39 Feet of Moon Dust

 


Victor Tangermann 

Researchers at the Chinese Academy of Sciences in Beijing have started analyzing data collected by the country’s Yutu-2 Moon rover’s ground-penetrating radar. The instrument peered 40 meters (131 feet) below the lunar surface — and found it was sitting on top of a mountain of fine dust.

China’s Chang’e 4 lander touched down on the far side of the Moon in January 2019, becoming the first man-made object to do so. Shortly after, it deployed the rover Yutu-2 from its belly. The rover has been exploring the South Pole-Aitken basin, the largest and oldest crater on the Moon, ever since.

Using high-frequency radar to look beneath the surface, it found that it was sitting on top of 12 meters (39 feet) of fine Moon dust, as detailed in a paper published in the journal Science Advances on Wednesday.

“That’s a lot of regolith,” David Kring, senior scientist at the Lunar and Planetary Institute in Houston who was not involved in the research, told The New York Times. “That’s food for thought.”

The fine particles were likely the result of many small meteorite collisions and a ton of solar radiation, as New Scientist reports.

Below the dust, between 12 and 24 meters (39 and 79 feet), the rover spotted larger rocks, likely what’s left of larger asteroid and meteorite impacts. Further below that, the rover detected alternating layers of fine and coarser soil.

Most noteworthy is the striking difference between the new readings and the ones taken at Chang’e 4’s landing site, where measurements suggested it landed on top of a dense lava layer buried below the surface, the remains of a volcanic event.

“The subsurface structure at the Chang’e 4 landing site is more complex, and suggests a totally different geological context,” Yan Su, co-author from the Chinese Academy of Sciences, told New Scientist.

READ MORE: China’s rover has discovered what lies beneath the moon’s far side [New Scientist]
More on the mission:China Claims Its Moon Rover Found a Colorful “Gel-Like” Substance

You can be a NASA Moon Astronaut

 

Taking Names

NASA is officially accepting applications for astronauts to travel to the Moon as part of its Artemis mission. You can send in your own application, if you think you have what it takes, between March 2 and 31.

“We’re celebrating our 20th year of continuous presence aboard the International Space Station in low-Earth orbit this year, and we’re on the verge of sending the first woman and next man to the Moon by 2024,” NASA Administrator Jim Bridenstine said in a statement.

Job Requirements

If you make the cut, you might soon be traveling to the International Space Station aboard a SpaceX Crew Dragon or Boeing Starliner spacecraft developed as part of NASA’s Commercial Crew Program.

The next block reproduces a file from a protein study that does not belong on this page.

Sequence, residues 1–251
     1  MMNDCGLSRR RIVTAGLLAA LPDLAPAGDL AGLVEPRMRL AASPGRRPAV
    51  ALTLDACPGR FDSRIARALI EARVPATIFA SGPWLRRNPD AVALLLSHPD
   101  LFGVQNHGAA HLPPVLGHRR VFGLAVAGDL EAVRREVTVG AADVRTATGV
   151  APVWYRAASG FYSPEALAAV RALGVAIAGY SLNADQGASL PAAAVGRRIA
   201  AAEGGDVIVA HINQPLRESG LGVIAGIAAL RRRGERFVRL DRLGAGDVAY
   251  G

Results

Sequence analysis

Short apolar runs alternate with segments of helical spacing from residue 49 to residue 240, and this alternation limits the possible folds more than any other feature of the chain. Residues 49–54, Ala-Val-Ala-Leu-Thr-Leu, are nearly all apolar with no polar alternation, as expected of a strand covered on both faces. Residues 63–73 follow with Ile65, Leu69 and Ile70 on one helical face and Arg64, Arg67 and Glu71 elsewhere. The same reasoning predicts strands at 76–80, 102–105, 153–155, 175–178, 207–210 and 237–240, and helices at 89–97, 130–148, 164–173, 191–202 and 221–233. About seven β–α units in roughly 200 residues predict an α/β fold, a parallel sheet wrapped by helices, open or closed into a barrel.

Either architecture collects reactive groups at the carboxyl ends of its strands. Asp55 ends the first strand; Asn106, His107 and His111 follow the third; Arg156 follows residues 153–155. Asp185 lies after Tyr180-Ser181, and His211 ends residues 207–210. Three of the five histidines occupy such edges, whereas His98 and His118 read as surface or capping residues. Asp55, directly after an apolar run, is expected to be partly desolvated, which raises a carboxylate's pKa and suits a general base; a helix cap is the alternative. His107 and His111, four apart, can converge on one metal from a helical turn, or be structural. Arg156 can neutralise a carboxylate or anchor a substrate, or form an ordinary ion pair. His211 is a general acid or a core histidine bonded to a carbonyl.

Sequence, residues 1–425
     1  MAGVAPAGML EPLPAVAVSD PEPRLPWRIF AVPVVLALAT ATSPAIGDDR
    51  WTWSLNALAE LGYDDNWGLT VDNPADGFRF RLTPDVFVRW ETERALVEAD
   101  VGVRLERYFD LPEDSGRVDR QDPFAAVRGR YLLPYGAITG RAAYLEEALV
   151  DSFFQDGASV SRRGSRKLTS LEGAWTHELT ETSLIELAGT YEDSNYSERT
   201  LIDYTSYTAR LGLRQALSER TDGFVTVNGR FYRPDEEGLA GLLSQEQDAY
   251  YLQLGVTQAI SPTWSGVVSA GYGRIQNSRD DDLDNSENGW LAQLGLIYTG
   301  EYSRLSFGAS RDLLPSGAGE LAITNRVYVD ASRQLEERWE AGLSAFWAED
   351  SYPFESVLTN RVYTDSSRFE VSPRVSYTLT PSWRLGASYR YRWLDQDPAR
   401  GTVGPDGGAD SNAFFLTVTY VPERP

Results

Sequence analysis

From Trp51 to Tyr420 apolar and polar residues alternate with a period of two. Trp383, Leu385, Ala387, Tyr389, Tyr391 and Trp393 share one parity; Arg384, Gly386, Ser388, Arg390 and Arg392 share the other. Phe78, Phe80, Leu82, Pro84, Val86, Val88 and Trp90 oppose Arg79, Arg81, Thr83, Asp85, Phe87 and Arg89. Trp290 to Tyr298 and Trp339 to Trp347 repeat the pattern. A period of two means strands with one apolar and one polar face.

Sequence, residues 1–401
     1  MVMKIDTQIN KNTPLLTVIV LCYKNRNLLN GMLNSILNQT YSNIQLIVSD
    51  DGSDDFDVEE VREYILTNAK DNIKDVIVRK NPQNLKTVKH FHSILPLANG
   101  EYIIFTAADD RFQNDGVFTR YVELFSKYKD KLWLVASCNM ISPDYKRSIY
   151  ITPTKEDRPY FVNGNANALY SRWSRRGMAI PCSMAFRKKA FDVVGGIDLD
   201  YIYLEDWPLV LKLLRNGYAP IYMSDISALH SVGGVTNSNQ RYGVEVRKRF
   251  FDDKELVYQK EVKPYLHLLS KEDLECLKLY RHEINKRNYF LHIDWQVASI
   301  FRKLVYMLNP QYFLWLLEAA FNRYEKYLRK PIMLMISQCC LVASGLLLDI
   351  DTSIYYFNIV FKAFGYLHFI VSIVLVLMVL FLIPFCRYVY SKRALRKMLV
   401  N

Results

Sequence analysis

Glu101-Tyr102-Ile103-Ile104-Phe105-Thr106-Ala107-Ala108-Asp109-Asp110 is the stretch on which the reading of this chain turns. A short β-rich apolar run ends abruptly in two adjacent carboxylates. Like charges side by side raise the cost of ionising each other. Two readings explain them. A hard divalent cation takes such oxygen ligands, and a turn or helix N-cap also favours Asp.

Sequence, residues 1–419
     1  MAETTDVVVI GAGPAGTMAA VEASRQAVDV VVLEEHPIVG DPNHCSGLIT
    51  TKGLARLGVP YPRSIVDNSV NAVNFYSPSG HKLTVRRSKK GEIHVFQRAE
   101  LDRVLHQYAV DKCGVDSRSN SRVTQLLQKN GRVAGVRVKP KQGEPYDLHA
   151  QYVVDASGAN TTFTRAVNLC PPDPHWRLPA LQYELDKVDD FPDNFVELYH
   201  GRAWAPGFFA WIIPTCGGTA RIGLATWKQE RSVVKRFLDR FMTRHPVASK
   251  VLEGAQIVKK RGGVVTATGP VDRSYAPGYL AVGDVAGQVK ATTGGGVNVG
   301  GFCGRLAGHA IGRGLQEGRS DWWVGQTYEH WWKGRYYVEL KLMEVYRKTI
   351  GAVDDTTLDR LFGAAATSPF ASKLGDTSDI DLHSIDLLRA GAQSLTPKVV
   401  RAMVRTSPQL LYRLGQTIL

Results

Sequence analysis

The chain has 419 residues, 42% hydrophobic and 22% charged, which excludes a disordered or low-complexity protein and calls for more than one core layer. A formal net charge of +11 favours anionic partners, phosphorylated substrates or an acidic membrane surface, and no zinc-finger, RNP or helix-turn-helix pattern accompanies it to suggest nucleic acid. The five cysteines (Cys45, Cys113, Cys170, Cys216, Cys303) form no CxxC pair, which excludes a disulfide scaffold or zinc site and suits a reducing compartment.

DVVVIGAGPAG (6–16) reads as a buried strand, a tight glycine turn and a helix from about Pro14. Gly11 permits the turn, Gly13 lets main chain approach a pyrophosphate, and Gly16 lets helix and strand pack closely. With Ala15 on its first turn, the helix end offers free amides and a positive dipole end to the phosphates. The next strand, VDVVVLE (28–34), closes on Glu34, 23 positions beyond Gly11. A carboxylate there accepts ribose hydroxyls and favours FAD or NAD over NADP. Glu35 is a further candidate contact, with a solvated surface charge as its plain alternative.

Candidates will have to show proof of a master’s degree in a STEM field and “two years of related, progressively responsible professional experience, or at least 1,000 hours of pilot-in-command time in jet aircraft,” according to NASA.

Résumé Booster

In the longer term, NASA is hoping to send humans to the Moon’s surface using its Space Launch System and Orion spacecraft as soon as 2024. To get to Mars, you’ll have to wait until the mid-2030s.

“For the handful of highly talented women and men we will hire to join our diverse astronaut corps, it’s an incredible time in human spaceflight to be an astronaut,” he added.

READ MORE: Explorers Wanted: NASA to Hire More Artemis Generation Astronauts [NASA]
More on astronauts: NASA Astronaut Sets Space Record, Says She’ll Miss Microgravity

Caterpillars on the Moon

 

Space Prospector

Iconic construction vehicle company Caterpillar is working with NASA to build machines that could excavate and mine the lunar surface.

The goal is to determine whether it makes sense to send autonomous or remote-controlled construction equipment to the Moon, according to CNBC, to gather rocks, dust, and water that NASA could use as raw materials for its planned lunar outpost.

Self-Driving Shovel

NASA and Caterpillar have long collaborated on robotics projects, CNBC reports. But it’s the company’s autonomous capabilities — unusual for the construction vehicle market — that make it a standout candidate to build lunar infrastructure.

“There are many synergies between what NASA needs to meet exploration goals and Caterpillar technologies used every day on Earth,” NASA spokesperson Clare Skelly told CNBC.

Hazardous Workplace

Though Caterpillar’s resource industries division president, Denise Johnson, wouldn’t confirm any tangible lunar mission plans to CNBC, the idea of using at least semi-autonomous vehicles on the Moon is to cut down on how much dangerous construction work astronauts would have to do themselves.

“Customers are finding it difficult to operate in those remote locations, getting personnel in and out in a consistent way, which drives the value proposition,” Johnson told CNBC, specifically referring to using autonomous tech in hazardous areas on Earth. “The application of the technology becomes a necessity to make it work from a value-add perspective.”

READ MORE: Caterpillar’s autonomous vehicles may be used by NASA to mine the moon and build a lunar base [CNBC]
More on the Moon: NASA’s Plan for a Lunar Outpost Just Leaked

Largest Moons In The Solar System

 

astronomyblog

Top 10 Largest Moons In The Solar System: Ganymede, Titan, Callisto, Io, Moon, Europa, Triton, Titania, Rhea & Oberon.Image credit: Kevin Gill /Joseph Brimacombe /Stuart Rankin